Women During the Gold Rush
The Gold Rush was one of the most influential times in California History. During the four years from 1848-1852, 400,000 new people flooded into the state. People from many countries and social classes moved to California, and many of them settled in San Francisco. All this diversity in one place created a very interesting dynamic. California during the Gold Rush, was a place of colliding ideals. The 49ers came from a very structured kind of life to a place where one was free to make up her own rules.
“Freedom was in the very air Californians breathed, for the country offered a unique and seductive drought of liberty. People were free from censure, from Eastern restrictions, from societal expectations.”1
California society, and people as individuals, could not decide whether they relished their newfound freedom or despised it. Some people attempted to recreate the lives they knew at home, while many others threw off the shackles of their old proper lives. Victorian culture emerged in the 1820’s and 1830’s in America. At 1850, the time of the Gold Rush, it was at it’s high point. Anyone who came to California from the states, no matter what their position, would have come from a place influenced by the Victorian way of life. This included strict ideas about the roles of men and women, taboos on drinking and gambling, high value set on hard work, Christian ethics, and ethnic prejudices.2 People who came to California experienced something quite different.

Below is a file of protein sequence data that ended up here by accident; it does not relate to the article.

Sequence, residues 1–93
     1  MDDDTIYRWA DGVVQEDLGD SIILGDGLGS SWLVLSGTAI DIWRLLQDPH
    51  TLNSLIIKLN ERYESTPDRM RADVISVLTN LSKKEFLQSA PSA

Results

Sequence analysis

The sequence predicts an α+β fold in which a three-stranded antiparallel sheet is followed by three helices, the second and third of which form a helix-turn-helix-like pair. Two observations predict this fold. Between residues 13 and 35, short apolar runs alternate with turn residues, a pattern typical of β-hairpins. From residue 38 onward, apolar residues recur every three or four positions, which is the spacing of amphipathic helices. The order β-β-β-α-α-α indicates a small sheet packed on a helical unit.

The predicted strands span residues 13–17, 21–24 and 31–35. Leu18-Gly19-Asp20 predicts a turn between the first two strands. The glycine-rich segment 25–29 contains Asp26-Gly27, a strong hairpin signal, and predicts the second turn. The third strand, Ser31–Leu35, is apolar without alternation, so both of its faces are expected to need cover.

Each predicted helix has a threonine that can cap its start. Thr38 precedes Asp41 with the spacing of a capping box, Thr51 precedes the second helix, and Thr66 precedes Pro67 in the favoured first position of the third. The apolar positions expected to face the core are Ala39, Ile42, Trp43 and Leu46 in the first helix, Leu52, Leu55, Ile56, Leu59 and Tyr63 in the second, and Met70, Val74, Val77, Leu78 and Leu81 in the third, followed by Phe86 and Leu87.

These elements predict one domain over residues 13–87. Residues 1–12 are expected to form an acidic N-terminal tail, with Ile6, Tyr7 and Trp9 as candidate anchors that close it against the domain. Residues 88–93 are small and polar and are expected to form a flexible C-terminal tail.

“In the years which followed the gold discoveries, society was not stratified. Moral and religious principles were often disregarded, and all kinds of irregular situations could be found.”3
Americans who came to California had never lived with such freedom from the strict confines of traditional Victorian society. This freedom affected and changed all those people who experienced it. Letters, journals, and reminiscences written by adventurers during the Gold Rush vividly illustrate the internal struggle which people experienced.
This is especially true of the writing by women of the time. It is a long held myth that the gold rush was almost completely male. Yet, most trail diaries mention the presence of women.4 Still, they were quite a minority. The 1860 census reveals that in San Francisco that year, men outnumbered women three to two. Lopsided though this ratio may be, there were enough women in California to have quite an influence, and perhaps they struggled even more with their new freedom than the men. More restraint was expected from women, and it was their duty to keep their husbands and children proper. How they chose to deal with their new surroundings would have greatly impacted their families. Women offer an interesting perspective, as women were traditionally the epitomes of Victorian morality. Historian Lillian Schlissel writes that unlike the men, “...women did not always see the venture in the clear light of the...